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Where No Law Has Gone Before: Space Resources, Subsequent Practice, and Humanitys Future in Space

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Document pages: 38 pages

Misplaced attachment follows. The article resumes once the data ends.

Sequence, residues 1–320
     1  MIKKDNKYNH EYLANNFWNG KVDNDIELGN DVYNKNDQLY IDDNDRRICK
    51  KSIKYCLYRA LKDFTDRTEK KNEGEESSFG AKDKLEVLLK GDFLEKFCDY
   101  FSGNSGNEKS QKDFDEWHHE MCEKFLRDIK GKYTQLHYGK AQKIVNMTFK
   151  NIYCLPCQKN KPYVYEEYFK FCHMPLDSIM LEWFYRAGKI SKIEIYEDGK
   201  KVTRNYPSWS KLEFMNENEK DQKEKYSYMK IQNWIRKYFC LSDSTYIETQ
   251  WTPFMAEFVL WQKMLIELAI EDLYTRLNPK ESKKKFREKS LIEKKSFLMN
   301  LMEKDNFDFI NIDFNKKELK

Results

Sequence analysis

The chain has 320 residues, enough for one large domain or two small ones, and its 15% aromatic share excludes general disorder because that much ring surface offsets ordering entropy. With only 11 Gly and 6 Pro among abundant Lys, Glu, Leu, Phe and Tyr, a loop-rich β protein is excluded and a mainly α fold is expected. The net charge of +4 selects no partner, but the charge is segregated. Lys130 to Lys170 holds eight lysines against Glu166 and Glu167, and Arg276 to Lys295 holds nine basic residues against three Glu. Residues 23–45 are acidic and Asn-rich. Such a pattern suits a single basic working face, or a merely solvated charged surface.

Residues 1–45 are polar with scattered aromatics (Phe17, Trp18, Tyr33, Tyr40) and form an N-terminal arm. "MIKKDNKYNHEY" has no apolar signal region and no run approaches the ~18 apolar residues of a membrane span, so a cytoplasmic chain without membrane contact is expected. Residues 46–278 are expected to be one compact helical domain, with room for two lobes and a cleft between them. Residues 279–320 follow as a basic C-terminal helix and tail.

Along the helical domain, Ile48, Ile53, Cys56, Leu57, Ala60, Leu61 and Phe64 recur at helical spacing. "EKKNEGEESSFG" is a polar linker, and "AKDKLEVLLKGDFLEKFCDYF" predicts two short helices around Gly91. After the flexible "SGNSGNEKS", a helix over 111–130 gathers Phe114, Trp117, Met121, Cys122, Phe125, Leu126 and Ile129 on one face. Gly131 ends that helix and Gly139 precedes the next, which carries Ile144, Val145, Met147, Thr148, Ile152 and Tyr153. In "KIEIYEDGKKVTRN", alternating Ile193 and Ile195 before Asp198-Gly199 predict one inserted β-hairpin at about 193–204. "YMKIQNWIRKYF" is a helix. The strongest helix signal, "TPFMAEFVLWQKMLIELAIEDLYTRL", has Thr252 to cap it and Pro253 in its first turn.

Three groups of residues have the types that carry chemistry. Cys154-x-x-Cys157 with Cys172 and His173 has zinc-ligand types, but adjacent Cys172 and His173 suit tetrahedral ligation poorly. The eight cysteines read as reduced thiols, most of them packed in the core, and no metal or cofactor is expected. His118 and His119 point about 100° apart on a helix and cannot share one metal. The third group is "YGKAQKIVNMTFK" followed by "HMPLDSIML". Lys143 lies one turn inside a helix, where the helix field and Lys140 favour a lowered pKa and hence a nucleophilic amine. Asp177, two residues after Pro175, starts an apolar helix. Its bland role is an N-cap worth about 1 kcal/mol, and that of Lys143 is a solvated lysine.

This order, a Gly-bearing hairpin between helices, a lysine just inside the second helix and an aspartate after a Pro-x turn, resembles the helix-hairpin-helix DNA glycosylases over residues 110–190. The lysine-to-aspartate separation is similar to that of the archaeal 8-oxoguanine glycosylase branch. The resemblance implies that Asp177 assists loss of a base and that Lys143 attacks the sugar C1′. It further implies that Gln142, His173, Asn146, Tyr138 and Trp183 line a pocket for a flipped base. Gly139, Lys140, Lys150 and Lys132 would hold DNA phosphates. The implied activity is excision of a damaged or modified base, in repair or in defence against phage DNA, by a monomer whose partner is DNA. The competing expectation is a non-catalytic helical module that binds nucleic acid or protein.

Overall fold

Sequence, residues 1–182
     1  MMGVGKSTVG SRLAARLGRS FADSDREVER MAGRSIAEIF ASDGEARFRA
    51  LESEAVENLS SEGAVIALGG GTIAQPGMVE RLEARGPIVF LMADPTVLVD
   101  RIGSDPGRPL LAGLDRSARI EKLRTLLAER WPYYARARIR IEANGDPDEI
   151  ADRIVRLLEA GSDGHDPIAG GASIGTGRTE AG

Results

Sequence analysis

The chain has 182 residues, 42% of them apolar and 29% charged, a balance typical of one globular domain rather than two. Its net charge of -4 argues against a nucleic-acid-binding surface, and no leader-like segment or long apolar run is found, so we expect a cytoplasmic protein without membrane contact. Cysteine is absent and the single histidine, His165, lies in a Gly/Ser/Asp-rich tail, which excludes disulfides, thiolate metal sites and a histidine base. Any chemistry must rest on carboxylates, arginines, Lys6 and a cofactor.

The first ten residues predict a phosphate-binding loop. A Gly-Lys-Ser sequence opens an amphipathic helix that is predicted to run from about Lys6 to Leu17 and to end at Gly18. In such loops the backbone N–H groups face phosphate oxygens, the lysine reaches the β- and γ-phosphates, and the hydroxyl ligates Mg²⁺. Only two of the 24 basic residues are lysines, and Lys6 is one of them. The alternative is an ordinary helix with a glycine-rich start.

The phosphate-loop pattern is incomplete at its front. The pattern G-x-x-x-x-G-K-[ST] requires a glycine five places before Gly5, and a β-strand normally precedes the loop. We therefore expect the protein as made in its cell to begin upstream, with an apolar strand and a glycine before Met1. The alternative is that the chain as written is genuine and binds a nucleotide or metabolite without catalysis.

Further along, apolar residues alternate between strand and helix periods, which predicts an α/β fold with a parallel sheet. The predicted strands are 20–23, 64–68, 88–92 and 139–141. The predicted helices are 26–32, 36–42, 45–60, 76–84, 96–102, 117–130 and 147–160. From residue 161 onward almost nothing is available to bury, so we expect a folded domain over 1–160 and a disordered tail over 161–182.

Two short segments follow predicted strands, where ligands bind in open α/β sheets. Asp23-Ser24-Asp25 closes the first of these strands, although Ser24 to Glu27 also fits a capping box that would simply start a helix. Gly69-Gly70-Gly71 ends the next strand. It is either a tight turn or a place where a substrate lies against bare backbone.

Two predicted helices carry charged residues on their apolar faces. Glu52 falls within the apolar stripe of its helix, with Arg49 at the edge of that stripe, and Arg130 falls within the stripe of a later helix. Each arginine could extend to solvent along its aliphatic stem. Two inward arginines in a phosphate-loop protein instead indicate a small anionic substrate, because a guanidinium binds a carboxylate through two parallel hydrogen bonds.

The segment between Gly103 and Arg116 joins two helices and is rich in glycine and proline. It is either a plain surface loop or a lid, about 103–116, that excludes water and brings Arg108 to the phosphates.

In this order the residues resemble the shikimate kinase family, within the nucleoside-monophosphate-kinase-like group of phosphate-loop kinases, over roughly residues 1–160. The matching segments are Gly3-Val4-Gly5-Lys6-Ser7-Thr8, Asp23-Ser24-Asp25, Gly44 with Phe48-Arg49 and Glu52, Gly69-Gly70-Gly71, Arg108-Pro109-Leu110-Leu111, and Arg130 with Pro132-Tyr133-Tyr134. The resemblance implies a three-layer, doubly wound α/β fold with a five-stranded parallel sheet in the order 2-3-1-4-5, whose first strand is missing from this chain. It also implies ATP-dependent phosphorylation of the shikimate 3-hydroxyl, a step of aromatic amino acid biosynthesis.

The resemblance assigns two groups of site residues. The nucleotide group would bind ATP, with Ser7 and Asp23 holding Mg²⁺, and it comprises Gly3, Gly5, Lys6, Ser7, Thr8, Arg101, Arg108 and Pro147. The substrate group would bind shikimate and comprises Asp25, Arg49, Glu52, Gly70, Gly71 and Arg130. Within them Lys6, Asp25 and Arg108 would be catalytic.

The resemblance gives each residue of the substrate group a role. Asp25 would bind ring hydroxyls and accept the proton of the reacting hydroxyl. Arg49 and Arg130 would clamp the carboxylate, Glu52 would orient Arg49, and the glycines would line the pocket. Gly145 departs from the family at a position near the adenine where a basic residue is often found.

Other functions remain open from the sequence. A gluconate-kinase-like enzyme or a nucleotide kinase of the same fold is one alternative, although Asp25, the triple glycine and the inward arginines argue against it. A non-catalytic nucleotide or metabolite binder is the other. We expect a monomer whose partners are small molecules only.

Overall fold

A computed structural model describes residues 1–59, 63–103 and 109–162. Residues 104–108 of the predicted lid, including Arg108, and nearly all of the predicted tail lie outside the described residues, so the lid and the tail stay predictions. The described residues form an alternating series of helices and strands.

Abstract: Outer space, the “final frontier,” is the subject of countless science fiction books and movies that display humanity’s deep fascination with the possibilities of our species living among the stars. An inevitable and necessary part of any human society in space is the existence of laws that govern our activities and interactions with each other and our surroundings, including the use and ownership of the natural resources found in outer space. These “space resources” are now at the center of modern space law debates because the current treaty regime governing outer space leaves the existence and nature of rights to use and own space resources subject to broad interpretation. In response to burgeoning private sector interest in mining space resources, the U.S. passed legislation in 2015 purporting to recognize the right of private parties to own space resources. However, rather than clarifying the legal situation, this new law has occasioned a spirited debate over whether it comports with the United States’ obligations under the Outer Space Treaty. Much scholarship has been devoted to interpreting the obligations of the Outer Space Treaty pertaining to space resources. Most of this scholarship has concentrated on an analysis of the text itself and the preparatory work that went into the development of the Treaty. However, scholars remain divided in their analysis of the meaning of the Treaty’s obligations. This Note examines how the subsequent practice of states parties to the Outer Space Treaty, including the recent U.S. legislation, informs the interpretation of the treaty regime that governs outer space and space resources.

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